Complex Explanation

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Science  11 Oct 2002:
Vol. 298, Issue 5592, pp. 327
DOI: 10.1126/science.298.5592.327c

Every so often vaccines don't quite work as planned, as occurred in the 1960s when a vaccination program against respiratory syncytial virus (RSV) led to worse, rather than better, responses in children who subsequently were exposed to the virus. The primary cause of enhanced RSV disease was traced to the use of formalin as a means of inactivating the virus in vaccine preparations, although why this should adversely affect immunity to RSV remained unclear.

Polack et al. report that enhanced RSV disease in mice is characterized by deposition of antibody-containing immune complexes and by activation of components of the complement system; signs also detected in lung tissue preserved from affected children. Mice lacking either the complement component C3 or B cells did not develop enhanced RSV disease when immunized with formalin-inactivated RSV vaccine. The requirement for both antibodies and complement agrees with the interpretation that vaccination might stimulate excessive production of antibodies that, while failing to neutralize the virus itself, could nevertheless form immune complexes and activate complement-mediated damage in the lungs. Potentially, this could result from disruption of critical viral epitopes by formalin treatment or from diminished maturation of B cells that produce high-affinity antibodies. — SJS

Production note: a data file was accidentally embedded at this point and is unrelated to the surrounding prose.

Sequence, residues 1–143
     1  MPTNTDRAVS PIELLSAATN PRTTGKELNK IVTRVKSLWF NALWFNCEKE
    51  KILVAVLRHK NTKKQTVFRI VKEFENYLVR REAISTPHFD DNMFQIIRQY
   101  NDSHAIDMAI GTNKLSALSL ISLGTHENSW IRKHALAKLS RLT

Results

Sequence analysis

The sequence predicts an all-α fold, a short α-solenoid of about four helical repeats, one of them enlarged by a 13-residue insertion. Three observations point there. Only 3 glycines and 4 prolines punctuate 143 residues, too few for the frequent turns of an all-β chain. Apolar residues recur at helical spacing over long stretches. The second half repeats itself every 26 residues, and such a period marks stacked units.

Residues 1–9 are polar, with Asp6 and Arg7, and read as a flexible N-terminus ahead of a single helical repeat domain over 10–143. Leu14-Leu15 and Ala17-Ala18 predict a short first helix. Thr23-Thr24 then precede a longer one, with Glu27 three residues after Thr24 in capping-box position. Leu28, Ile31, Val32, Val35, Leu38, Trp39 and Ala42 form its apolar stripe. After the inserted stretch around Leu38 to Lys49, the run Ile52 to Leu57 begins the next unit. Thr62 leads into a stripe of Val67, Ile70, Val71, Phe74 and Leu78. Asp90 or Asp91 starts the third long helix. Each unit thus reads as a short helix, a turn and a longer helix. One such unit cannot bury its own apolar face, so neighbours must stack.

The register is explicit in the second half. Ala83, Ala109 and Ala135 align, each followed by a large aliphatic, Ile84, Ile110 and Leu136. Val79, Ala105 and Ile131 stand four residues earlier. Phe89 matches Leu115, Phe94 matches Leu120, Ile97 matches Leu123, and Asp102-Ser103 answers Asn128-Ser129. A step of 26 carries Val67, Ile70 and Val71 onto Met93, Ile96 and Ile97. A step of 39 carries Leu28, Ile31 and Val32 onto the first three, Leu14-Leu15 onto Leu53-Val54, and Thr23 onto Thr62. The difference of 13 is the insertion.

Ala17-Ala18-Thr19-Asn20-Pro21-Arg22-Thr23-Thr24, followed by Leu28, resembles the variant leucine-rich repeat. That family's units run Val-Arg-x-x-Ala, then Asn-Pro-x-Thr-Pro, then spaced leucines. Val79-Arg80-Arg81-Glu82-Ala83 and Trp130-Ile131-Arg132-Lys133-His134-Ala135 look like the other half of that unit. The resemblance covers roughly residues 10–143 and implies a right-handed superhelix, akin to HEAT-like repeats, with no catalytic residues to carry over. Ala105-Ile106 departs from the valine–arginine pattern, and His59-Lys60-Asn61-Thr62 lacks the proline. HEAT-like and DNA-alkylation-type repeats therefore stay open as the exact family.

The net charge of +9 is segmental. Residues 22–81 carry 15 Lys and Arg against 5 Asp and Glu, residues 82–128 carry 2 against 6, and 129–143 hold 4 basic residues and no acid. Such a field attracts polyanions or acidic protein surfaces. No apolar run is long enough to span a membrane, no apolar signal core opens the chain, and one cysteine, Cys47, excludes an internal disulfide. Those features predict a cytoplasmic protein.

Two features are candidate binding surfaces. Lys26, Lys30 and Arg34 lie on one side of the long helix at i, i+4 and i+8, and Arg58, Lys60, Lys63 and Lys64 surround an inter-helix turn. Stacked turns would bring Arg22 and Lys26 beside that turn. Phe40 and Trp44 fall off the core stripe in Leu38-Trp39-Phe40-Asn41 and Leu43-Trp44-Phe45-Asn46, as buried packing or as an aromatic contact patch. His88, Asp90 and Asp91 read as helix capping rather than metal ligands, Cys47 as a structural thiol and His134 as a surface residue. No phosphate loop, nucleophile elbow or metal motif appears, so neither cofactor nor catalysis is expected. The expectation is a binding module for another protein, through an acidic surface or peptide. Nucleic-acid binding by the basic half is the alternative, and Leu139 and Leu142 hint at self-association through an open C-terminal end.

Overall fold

J. Exp. Med.196, 859 (2002).

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